WASHINGTON — U.S. Sens. Dick Durbin and Tammy Duckworth on Wednesday sent a joint letter to Housing and Urban Development Secretary Ben Carson urging him to visit Cairo and calling on the federal housing agency to “make a decision as soon as possible” about the future of the Alexander County Housing Authority developments.
Illinois’ two senators also jointly asked for HUD to provide them with an update on the corrective actions the agency has taken since placing the ACHA under receivership on Feb. 22, 2016.
The letter went out a little more than two weeks after congressional staffers on behalf of Durbin and Duckworth met with housing residents in Cairo in a private meeting they convened to hear their concerns and gather feedback on what the residents would like to see happen.
“In February 2016, HUD took the extraordinary step of placing the ACHA under receivership after years of civil rights violations, neglect, mismanagement, and alleged misappropriation of federal funds. This was a welcome development for the residents who were living in rundown apartments overrun by rodents, roaches, mold, and violent crime,” reads the letter to Carson from Durbin and Duckworth. “However, as our staff has seen, more than a year later, residents continue to live in the same, if not worse, unsafe and unsanitary conditions and despair.”
Durbin and Duckworth’s letter provided a twofold reason for Carson to visit Cairo.
They said he should see “first-hand how dire and dangerous conditions have become for our constituents” but also to see “the potential of this community to be a productive, safe and prosperous environment with proper management and investments of resources.”
Carson has been on the job just more than a month. Public affairs specialists for HUD did not immediately respond to a request for comment on Wednesday afternoon.
In December, Republican President Donald Trump tapped Carson to run the agency, and the U.S. Senate confirmed his appointment on March 2, by a vote of 58-41.
Durbin and Duckworth, both Democrats, opposed Carson’s appointment. Durbin has said that while he thinks Carson, a neurosurgeon who sought the Republican Party’s nod for president, is a bright man, he has concerns about Carson’s ability to run a multibillion-dollar agency as complex as HUD. The agency has a budget of nearly $50 billion, and a staff of about 8,000 employees.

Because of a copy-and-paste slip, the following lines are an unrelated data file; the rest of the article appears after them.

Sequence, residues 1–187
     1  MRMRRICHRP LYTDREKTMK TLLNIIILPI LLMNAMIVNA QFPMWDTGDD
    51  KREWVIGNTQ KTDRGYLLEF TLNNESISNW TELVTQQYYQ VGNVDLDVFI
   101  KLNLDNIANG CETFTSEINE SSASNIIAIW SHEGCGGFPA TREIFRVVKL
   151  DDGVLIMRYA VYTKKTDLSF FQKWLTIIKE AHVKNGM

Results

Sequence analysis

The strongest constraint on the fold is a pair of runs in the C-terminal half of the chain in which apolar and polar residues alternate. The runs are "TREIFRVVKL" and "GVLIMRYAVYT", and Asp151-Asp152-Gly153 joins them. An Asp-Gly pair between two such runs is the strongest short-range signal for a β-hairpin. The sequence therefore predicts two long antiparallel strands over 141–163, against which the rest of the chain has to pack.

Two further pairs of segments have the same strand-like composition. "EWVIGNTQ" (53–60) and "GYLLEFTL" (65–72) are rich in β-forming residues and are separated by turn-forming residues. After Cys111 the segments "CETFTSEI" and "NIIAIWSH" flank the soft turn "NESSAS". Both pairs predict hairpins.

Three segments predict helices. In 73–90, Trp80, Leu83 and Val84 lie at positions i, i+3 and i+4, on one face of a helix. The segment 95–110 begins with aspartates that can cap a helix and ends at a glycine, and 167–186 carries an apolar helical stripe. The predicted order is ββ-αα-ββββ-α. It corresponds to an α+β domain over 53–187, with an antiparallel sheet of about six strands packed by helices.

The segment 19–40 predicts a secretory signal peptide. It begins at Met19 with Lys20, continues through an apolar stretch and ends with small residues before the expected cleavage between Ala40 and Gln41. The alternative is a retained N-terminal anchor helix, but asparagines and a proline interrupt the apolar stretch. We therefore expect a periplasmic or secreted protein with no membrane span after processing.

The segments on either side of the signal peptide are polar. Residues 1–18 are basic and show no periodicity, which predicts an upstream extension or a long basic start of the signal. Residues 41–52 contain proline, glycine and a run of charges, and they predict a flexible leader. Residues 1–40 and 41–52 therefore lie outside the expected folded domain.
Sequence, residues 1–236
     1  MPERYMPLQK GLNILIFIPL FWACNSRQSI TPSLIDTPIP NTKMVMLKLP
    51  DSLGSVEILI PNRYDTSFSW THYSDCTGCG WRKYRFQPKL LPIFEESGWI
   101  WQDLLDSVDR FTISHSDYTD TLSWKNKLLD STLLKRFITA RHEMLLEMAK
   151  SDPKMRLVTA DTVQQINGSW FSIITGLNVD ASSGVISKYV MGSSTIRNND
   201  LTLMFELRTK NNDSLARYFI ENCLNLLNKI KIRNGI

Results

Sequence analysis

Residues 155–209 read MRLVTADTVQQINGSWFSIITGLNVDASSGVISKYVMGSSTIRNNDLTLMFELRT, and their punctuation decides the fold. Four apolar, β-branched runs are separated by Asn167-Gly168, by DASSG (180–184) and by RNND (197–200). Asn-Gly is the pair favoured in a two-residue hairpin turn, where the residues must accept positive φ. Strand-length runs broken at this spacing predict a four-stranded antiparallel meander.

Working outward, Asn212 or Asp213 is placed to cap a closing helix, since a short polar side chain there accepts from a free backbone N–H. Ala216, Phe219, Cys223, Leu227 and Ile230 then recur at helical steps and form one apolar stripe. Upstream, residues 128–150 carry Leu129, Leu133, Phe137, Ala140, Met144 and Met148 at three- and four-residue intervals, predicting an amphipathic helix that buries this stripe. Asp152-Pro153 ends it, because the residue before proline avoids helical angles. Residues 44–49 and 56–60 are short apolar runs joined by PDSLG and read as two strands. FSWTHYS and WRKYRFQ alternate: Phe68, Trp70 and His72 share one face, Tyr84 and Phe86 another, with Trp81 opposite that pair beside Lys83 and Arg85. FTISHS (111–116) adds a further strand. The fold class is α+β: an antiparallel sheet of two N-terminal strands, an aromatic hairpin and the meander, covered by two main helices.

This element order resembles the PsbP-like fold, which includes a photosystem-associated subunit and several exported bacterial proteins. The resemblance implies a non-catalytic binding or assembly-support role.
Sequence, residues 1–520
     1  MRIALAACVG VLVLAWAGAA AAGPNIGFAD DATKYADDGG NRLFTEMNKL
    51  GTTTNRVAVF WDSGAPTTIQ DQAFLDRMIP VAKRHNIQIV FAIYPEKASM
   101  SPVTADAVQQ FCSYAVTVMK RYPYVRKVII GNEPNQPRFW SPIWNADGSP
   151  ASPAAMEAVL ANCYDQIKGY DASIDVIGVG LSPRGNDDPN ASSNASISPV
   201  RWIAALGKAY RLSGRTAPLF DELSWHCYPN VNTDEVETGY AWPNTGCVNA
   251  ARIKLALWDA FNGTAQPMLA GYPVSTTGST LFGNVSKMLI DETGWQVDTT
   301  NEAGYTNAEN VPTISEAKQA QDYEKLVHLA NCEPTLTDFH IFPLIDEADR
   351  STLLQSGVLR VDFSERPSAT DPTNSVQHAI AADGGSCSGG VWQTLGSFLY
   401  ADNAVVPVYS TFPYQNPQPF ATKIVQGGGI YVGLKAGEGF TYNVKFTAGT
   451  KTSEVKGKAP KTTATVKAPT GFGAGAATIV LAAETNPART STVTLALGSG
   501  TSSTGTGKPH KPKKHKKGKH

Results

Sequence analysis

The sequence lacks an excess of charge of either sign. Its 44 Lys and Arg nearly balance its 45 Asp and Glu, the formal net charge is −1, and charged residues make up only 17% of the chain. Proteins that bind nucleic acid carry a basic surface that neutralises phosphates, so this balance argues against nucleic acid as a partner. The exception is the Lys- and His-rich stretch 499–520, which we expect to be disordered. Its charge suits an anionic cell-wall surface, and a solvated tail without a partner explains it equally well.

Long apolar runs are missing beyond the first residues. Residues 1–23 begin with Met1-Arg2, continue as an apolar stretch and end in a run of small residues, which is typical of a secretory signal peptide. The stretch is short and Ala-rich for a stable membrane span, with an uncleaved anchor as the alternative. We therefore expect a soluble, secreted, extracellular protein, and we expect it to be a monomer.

Durbin also has not spoken optimistically regarding the outlook for HUD to build new public housing in Cairo to replace two aging complexes that have a host of issues, including rampant infestation, inadequate heating, plumbing issues, mold and electrical problems.
In February, Durbin told The Southern Illinoisan that he intends to fight for HUD to build new public housing units in Cairo, but also said he did not want to provide false hope by guaranteeing that would happen, noting that a false promise would do more harm than good.
“There’s nothing I’ve heard in Washington from this administration to suggest that this will be a priority. I hope I’m wrong,” Durbin said at the time. His comments were included in the newspaper’s latest story in its months-long investigative series on the ACHA titled “People Still Live Here.” In that story marking one year since HUD’s federal takeover of the ACHA, and an accompanying video documentary, residents expressed frustration that a year after HUD’s takeover, little substantive action has been taken to improve their housing conditions while they have been asked to continue paying rent.
Many residents also expressed anger that no one has been publicly held accountable for the alleged mismanagement and discriminatory actions of the ACHA by former managers that HUD cited when it made the rare decision to dismiss the local housing agency’s board and assign HUD staff to serve as administrators.
The letter from Duckworth and Durbin follows one that U.S. Rep. Mike Bost, whose congressional district includes Alexander County, sent to Carson in late March also asking Carson to visit Cairo and tour the ACHA’s developments. On March 23, Bost wrote, “I want to commend you on your action to establish a national listening tour initiative, while inviting your attention to issues related to the mismanagement” of the ACHA. Carson announced some time ago that he intended to travel the country to learn about issues facing people managing and living in public housing. Thus far, he has visited Detroit, his home city, and Dallas.
Bost’s letter stated that HUD’s “action of last resort” to place the ACHA into receivership more than a year ago appears to be "more than warranted" given problems that include “inoperable heating and cooling systems, water intrusion into units and insect and vermin infestation.” But he urged Carson to visit Cairo to discuss with residents the ongoing efforts to resolve these issues impacting residents.
None of the political leaders have publicly made a specific recommendation about what HUD should do to fix the situation in Cairo; rather, each has more generally issued a call to action as federal officials have had, at this point, more than a year to study the situation and initiate a corrective plan.
In response to a follow-up question, Durbin’s communications director, Ben Marter, said the senator does not want to prejudge possible outcomes and will await HUD’s response.
“The bottom line is for us is that HUD engages with the residents on a solution ASAP,” Marter said.